Kelly McGonigal's Blog
December 30, 2013
February 23, 2013
Years before I went to graduate school, when my son was still young enough to sit in the front of the grocery cart, I learned a powerful lesson about the persuasive nature of media. We were in the cracker aisle when my normally calm toddler began begging for a box of Ritz party crackers. As an organic shopper, these weren’t on my list, but somehow my son seemed to have intimate knowledge of their salty deliciousness. I struggled for a few moments before agreeing to his youthful demands. After all, what harm could a few Ritz crackers do?
“I can’t believe that I’m trying to start dating again at the age of fifty-three. My niece signed me up for an online dating service, but I don’t have the stomach for this.”
“This time around I’m going to be picky. I want someone who understands me.”
“I just want a friend.”
“I just want a sexual partner.”
So-called “helicopter parents” are roundly criticized by everyone from teachers to media experts for smothering them with too much loving. If you want to “land your kids in therapy,” according to psychotherapist Lori Gottlieb writing in Atlantic Magazine, then by all means give them everything under the sun. If you want them to become productive members of society with reasonably normal lives, then keep the hugs and kisses to a minimum and even deny them things once in a while. “Well-meaning parents can ruin their children,” so the claim goes.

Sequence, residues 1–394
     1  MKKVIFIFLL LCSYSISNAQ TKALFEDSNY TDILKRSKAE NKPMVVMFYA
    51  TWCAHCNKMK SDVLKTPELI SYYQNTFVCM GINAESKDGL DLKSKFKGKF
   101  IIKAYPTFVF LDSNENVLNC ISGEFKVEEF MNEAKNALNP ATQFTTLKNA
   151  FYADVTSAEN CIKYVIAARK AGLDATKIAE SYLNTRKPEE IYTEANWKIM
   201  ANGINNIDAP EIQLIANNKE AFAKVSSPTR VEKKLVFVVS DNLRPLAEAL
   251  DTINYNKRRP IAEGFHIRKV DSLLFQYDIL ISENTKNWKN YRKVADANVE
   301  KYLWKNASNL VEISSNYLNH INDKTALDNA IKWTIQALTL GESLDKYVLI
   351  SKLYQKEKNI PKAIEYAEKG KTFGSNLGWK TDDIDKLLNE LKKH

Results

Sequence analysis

Sobbing, Carly can’t believe it. That he could have done such a thing. This boy she loved, this boy she trusted. Or thought she loved and thought she trusted. “He’s ruined everything! Betrayed everything! Everything we had! Gone, just like that!”
Her boyfriend has admitted to sleeping with another girl at the weekend.
“I can’t believe he’s done it! He promised that he’d never do anything like this! He promised!”
Watching politics is an occupational hazard when you’re a political science professor. And I must admit that after all my years of running campaigns as a campaign consultant and then studying politics from the academic perspective, watching politics makes my head hurt sometimes.
Research by Elizabeth Loftus over thirty years established that eye-witnesses’ recall of incidents could be influenced by the language of their interrogation: for example, using words like “smash” in relation to a car accident instead of “bump” or “hit” causes witnesses to report higher speeds and more serious damage. But more recent research has revealed that this so-called misinformation effect is not found if a robot does the questioning.